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Biennial Budget Projected to End in Surplus, Property Taxes to Increase Less than 1% Each Year

Comments | Posted in News | By Nick Novak | Posted August 2, 2013 4:02 PM

Structural Deficit Projected in 2017 if Economic Growth Rate is Zero

August 2, 2013 | MacIver News Service

[Madison, Wisc...] If all of Wisconsin's economic factors were frozen right where they are now, the Legislative Fiscal Bureau (LFB) predicts the state's general fund will increase its surplus over the next two years before ending in deficit in 2017, according to a memo released on Thursday.

The current budget is expected to end with a $91 million surplus, but the 2015-17 budget is projected to have a $545 million deficit.

However, the Fiscal Bureau has predicted a structural deficit for every budget since at least 1997 with one exception.

The last budget (2011-13) had a $2.5 billion deficit to overcome from the previous biennium's finances. The largest deficit since 1997 came during the 2003-05 biennium at $2.9 billion.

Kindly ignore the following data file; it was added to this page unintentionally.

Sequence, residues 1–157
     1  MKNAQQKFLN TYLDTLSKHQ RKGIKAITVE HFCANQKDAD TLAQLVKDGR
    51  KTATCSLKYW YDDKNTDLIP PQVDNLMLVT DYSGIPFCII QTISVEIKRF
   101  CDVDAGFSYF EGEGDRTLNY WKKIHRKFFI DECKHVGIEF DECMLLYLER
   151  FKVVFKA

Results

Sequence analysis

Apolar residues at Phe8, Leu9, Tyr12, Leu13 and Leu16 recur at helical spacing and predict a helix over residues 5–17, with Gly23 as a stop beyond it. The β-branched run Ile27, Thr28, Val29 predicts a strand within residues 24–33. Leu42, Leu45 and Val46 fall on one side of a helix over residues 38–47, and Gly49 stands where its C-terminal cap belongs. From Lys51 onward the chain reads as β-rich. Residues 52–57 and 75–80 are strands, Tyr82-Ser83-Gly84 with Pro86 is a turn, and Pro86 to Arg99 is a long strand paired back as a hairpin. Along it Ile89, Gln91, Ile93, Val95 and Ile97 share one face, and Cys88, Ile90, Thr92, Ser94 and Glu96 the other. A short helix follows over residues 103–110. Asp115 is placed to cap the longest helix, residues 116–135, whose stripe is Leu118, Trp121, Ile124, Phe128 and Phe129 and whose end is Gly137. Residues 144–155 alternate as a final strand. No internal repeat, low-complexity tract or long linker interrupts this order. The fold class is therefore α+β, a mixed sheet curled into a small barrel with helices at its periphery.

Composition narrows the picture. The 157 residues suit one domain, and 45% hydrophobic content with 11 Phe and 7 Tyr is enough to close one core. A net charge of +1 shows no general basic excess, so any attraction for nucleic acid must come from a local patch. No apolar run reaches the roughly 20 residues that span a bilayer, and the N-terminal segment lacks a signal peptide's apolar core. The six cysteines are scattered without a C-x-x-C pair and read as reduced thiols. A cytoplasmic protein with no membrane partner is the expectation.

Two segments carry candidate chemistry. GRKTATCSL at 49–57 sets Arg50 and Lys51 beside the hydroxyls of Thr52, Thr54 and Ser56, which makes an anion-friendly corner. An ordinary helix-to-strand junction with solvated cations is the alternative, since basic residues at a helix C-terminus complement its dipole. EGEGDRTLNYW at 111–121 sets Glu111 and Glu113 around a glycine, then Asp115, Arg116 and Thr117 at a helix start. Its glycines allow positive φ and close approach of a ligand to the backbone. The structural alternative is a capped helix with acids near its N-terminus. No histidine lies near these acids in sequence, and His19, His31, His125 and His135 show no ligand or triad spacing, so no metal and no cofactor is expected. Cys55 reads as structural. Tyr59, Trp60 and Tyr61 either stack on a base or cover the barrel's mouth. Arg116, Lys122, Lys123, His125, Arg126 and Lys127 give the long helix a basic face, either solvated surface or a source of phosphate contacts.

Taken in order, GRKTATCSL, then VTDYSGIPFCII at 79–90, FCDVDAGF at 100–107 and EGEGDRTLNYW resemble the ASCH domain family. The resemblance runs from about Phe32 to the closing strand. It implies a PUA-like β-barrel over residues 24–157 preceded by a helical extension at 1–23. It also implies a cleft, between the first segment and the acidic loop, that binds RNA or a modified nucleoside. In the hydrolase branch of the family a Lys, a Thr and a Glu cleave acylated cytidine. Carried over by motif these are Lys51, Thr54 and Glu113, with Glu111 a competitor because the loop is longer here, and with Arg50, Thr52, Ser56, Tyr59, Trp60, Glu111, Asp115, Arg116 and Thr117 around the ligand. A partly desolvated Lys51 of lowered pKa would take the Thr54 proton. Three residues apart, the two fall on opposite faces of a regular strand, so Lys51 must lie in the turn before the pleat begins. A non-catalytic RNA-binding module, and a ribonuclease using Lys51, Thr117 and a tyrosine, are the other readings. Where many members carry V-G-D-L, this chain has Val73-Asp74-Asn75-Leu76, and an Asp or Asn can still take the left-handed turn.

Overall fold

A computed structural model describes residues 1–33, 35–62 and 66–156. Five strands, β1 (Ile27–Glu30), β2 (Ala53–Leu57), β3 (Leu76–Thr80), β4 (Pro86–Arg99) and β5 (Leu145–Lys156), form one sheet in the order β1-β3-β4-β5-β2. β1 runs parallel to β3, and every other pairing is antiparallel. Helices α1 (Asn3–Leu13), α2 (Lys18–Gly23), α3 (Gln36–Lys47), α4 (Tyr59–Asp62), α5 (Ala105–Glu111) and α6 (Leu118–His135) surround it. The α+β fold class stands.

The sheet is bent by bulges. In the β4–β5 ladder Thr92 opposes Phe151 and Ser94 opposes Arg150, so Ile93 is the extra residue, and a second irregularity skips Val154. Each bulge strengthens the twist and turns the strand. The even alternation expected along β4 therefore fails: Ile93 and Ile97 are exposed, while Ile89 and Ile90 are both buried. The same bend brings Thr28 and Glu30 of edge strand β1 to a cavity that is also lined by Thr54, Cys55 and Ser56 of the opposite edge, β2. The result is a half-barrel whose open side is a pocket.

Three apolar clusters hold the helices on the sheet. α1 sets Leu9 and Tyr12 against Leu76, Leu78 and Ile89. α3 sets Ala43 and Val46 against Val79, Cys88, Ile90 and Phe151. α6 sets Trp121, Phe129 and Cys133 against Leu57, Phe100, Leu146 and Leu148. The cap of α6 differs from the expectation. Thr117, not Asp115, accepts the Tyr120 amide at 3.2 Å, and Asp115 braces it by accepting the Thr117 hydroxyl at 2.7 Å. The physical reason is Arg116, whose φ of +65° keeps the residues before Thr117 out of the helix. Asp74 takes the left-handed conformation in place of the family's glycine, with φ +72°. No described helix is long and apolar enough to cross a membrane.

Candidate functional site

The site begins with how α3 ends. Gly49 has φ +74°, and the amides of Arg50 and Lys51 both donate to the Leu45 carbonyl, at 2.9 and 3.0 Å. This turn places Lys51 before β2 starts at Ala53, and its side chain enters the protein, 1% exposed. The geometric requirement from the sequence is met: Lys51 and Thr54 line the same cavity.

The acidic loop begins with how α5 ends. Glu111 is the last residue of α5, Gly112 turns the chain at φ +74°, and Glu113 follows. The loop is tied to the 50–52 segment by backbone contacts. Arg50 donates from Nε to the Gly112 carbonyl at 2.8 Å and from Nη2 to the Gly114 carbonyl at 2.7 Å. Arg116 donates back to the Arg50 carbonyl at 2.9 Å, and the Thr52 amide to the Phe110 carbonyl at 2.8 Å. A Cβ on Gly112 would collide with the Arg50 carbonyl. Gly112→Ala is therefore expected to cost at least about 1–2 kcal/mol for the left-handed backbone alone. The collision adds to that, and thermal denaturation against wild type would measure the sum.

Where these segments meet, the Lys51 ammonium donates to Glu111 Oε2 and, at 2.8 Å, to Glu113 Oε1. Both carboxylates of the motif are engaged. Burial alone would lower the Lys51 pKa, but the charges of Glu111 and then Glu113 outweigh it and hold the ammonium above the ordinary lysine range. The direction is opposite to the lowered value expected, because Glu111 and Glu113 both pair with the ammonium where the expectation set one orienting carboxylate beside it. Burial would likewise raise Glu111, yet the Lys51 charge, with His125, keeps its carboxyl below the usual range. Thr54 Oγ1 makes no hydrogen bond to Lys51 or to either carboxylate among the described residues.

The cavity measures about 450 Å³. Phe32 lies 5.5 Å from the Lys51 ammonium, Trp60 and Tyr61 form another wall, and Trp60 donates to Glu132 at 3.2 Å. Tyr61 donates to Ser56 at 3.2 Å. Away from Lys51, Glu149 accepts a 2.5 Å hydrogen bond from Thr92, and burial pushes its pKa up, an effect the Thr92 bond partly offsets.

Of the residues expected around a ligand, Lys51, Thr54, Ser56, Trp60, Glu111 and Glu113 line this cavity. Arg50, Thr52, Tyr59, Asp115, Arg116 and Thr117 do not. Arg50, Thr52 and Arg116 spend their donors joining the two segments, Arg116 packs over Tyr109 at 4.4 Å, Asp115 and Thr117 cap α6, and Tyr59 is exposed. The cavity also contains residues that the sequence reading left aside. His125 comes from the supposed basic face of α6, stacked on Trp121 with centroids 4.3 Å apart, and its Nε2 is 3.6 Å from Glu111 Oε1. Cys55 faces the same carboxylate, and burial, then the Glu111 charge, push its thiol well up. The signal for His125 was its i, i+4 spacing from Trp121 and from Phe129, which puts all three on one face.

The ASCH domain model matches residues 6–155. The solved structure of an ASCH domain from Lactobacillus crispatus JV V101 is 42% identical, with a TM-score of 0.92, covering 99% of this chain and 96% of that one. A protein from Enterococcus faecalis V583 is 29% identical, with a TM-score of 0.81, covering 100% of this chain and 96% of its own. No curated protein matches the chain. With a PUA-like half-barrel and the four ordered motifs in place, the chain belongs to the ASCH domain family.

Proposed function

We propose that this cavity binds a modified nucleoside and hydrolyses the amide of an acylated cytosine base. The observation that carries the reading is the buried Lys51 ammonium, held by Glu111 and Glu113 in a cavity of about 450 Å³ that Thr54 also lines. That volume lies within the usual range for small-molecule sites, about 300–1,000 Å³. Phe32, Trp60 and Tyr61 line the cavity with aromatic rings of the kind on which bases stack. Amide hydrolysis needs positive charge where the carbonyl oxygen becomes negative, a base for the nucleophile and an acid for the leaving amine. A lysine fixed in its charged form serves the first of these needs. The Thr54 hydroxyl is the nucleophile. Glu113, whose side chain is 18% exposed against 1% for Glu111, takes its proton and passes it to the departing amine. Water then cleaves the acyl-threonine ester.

The estimates by LFB do "not reflect any potential revenue growth or other appropriation changes." As the MacIver News Service reported previously, moderate economic growth will erase the structural deficit, but stagnant or negative economic growth could make the structural deficit larger.

Property taxes are also expected to increase by less than one percent in each year of the biennium. Increases of $29 are projected in both 2013-14 and 2014-15, however, the median-valued home is expected to increase in value by more than $3,500 over the two-year period.

The increases are similar to Governor Scott Walker's first budget, where property taxes were raised by $28 and $27, or less than one percent each year. Although, the slight rise for Wisconsin taxpayers is far less than under Walker's predecessor.

Under Governor Jim Doyle, property taxes in his last budget jumped $93 and $123, an increase of 3.3 percent and 4.2 percent respectively.

The memo from the Fiscal Bureau explains that part of the increase in property taxes is due to a boost in funding for K-12 public education in the budget.

Click the links to view the General Fund Statement report and Property Tax memo from LFB.